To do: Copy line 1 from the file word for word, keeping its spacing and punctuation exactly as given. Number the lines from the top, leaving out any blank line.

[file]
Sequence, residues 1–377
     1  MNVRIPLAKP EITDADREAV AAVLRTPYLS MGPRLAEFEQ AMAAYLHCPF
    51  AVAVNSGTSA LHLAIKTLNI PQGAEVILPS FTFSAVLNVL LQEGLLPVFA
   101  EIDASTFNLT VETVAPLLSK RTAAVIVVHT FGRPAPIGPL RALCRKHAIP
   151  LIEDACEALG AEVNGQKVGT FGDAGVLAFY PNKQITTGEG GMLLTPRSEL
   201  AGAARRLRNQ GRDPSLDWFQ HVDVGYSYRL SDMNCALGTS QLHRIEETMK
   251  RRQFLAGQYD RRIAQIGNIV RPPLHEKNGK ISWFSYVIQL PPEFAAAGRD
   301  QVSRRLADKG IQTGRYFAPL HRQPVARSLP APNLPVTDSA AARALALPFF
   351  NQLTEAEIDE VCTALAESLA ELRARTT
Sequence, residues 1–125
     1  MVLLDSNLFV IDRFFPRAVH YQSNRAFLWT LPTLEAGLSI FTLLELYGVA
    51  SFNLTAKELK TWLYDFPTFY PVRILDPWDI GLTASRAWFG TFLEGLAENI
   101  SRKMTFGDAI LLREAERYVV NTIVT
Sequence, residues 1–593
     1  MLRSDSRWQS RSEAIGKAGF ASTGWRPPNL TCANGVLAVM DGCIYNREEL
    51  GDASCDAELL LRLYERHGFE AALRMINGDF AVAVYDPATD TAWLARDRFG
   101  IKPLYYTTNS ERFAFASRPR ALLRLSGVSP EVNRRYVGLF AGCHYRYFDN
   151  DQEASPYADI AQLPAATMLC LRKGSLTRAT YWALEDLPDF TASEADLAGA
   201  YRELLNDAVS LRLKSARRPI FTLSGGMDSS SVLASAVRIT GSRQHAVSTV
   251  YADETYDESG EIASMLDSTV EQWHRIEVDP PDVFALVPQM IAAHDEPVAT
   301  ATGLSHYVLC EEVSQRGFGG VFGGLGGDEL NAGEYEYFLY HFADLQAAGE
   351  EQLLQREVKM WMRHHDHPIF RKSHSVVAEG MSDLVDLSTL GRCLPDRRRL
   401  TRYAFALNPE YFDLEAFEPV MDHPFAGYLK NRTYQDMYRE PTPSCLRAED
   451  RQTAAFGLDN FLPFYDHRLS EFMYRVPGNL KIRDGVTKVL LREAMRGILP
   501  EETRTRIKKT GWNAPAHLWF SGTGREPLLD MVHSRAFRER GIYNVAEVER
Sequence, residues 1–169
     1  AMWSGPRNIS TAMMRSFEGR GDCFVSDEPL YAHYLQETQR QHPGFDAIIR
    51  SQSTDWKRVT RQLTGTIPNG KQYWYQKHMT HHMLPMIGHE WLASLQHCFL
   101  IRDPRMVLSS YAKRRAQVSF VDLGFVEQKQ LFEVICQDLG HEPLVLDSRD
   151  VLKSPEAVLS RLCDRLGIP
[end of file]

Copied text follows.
Sequence, residues 1–377